Last month, we told you about the possibility that the 2019 Miata would have significantly more power courtesy of a heavily-revised Skyactiv 2.0-liter engine. Thanks to a friendly and some of the insiders at , we now know quite a bit more about how the new Miata will make its power, as well as a few other pieces of information that will make some buyers hold onto their money and send others rushing to the dealership for a 2018 model. We ed a representative for Mazda USA who refused to confirm the validity of the leaked document, but that’s par for the course in a situation like this.
2017 Miata RF shown above - Ed.
Let’s start with the engine. The power figures are impressive–181hp at an as-yet-unspecified engine speed and 151 lb-feet of torque. These are improvements of 26 hp and 3 lb-feet respectively. The only way to increase horsepower that much without increasing torque? You have to spin the engine harder. The current car has come in for some criticism because its 6800-rpm hard redline was 400rpm below the redline of the previous-generation NC Miata. Sure enough, the documentation provided to dealers refers to the “increased rev capacity” of the revised engine.
“Ultra-light” pistons, lighter connecting rods, and a new crankshaft are just part of it. The 2019 engine will have larger intake and exhaust ports and a high-lift camshaft. Both intake and exhaust systems will have higher flow and there is a new throttle body. These are the kind of changes that racers have been making on Miatas for twenty- years now, but the new ND2 Miata will have them from the factory.
One potential fly in the ointment: For 2019, the Miata will have a dual-mass flywheel. These are often heavier and they are always more complex. Mazda claims it’s to handle some of the noise, vibration, and harshness issues brought on by the more powerful engine. Another annoyance: Drivers who like to listen to compact discs will not be pleased to hear that the CD player is gone in the new car.
The two big changes outside the powertrain: Smart City Braking System, which is meant to reduce pedestrian fatalities at the cost of whatever drink you happen to have in your hand or cupholder at the time, and a long-awaited telescoping steering wheel. The ND’s cockpit is noticeably tighter than that of its predecessor so this is a big deal for those of us who are on the middle-to-outer ranges of human proportion. There’s also a rearview camera now for when you’re backing your SCCA National Solo Miata up to your tire trailer.
The trim levels available for Miatas in Canada don’t exactly match the US-market ones. Their trim levels of GX (base), GS (mid-tier) and GT are similar, but not identical, to our Sport, Club, and Grand Touring. For 2019, Canada will lose the GX and instead get a better-equipped GS as the base car. They will get a GS-P that has the BBS/Brembo combination as standard. What this means for the 50-state market is anybody’s guess. Will we lose Sport, leaving us with just Club and Grand Touring?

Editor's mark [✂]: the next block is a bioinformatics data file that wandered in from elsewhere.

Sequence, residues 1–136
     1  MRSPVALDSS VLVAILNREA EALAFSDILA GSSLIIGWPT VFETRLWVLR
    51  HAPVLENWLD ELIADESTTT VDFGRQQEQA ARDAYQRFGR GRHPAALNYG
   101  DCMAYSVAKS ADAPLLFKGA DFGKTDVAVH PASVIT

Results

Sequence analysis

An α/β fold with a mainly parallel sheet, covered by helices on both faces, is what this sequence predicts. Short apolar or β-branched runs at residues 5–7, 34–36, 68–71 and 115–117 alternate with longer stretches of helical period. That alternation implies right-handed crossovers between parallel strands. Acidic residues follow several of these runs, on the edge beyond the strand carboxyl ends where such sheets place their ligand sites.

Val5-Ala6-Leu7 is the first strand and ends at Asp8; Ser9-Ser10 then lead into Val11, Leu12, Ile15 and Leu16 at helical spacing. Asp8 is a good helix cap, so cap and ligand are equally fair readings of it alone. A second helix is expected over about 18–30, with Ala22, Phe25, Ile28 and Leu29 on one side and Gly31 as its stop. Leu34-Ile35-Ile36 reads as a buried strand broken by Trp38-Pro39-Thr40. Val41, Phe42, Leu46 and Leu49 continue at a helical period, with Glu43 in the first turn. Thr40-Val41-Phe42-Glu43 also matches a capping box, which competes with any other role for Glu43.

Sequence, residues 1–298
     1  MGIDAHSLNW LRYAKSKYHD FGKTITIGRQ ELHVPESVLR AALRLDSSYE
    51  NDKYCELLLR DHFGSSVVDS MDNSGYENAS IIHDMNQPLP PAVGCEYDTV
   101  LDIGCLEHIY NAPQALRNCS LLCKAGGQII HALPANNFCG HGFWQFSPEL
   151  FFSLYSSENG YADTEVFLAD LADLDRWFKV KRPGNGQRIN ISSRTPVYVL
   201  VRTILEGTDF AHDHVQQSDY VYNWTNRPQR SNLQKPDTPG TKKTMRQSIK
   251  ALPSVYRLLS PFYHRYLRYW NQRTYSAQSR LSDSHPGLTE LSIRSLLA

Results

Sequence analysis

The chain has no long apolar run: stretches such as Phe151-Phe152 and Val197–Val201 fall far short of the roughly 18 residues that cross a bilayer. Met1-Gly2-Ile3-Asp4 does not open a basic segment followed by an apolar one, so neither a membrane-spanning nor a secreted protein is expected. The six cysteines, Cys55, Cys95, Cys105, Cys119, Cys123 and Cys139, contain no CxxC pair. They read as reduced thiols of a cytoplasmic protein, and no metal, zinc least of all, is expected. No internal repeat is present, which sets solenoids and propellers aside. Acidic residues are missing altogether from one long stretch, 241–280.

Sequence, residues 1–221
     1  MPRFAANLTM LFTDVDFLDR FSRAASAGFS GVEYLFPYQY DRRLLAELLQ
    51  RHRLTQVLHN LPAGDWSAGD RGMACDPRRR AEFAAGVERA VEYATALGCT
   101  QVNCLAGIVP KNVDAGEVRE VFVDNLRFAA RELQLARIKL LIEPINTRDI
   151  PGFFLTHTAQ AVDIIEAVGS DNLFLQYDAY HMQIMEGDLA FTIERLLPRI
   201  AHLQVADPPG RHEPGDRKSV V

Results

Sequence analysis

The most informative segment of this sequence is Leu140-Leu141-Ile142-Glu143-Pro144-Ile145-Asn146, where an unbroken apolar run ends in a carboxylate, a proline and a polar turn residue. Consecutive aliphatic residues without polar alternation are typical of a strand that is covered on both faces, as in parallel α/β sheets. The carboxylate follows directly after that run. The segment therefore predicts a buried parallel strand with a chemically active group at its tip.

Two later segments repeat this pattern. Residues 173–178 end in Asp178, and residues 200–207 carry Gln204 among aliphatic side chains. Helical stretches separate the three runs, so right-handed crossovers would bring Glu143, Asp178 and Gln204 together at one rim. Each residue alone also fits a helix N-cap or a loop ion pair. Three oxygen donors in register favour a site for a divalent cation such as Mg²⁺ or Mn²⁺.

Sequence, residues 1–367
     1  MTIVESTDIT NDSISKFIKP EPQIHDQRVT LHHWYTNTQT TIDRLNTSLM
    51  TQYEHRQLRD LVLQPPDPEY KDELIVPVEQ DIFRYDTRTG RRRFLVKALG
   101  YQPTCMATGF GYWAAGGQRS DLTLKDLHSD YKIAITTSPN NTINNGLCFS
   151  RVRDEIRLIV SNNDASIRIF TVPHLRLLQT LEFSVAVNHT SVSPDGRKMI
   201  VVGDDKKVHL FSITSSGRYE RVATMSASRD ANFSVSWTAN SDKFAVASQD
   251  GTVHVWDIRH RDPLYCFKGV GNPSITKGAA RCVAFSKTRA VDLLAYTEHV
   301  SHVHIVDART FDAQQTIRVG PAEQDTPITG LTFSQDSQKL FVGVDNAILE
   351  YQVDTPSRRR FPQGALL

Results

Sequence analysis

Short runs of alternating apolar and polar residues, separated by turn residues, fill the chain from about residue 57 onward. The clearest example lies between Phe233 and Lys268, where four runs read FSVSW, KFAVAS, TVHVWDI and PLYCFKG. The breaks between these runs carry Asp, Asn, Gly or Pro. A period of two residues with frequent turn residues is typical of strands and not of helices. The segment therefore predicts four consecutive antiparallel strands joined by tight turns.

Canadian soft tops will also get an optional brown convertible top and three different colors of leather in the RF Grand Touring. Traditionally, US-market cars have had fewer color options than Canadian cars, so there is nothing to suggest that the brown top will also make it south of the border.
According to sources on Miata.net, 2018 production has already ended to make room for the 2019 changeover. Which leads to the obvious questions:
0. If you have a current ND Miata, should you trade?
1. If you’re planning on buying an ND, should you wait?
Given that there are a few ECU tuners who are offering a ten or fifteen horsepower boost for the ND at prices below $500, it’s hard to argue that anybody who likes their current Miata shouldn’t just keep it. It’s also worth noting that the extent of the changes to the engine mean that the existing forced-induction kits will have to be revised, which will take time and effort. So if you want to turbocharge or supercharge your ND, you are better off sticking with the car you have.
For new buyers, the choice will be tougher. Pricing has not been released, and there are some dealers out there who are offering some very competitive numbers on in-stock 2018 and 2017 models. Most of the cars coming off the boat right now from Japan have the new blood-red soft top. I’ve seen it in person and it’s absolutely gorgeous. Do you really want to give up the whole summer and fall just so you can have a little more power in a car that arguably doesn’t need it to begin with?
Our final advice: Miata intenders who can’t live with the thought of not being able to soar past seven grand on the tachometer should grit their teeth and wait, with the understanding that there will be a cost in both money and time for doing so. Everybody else should consider making a deal on an in-stock 2018. Roadster weather is right around the corner for most of the country. As Jim Morrison noted, the future’s uncertain and the end is always near...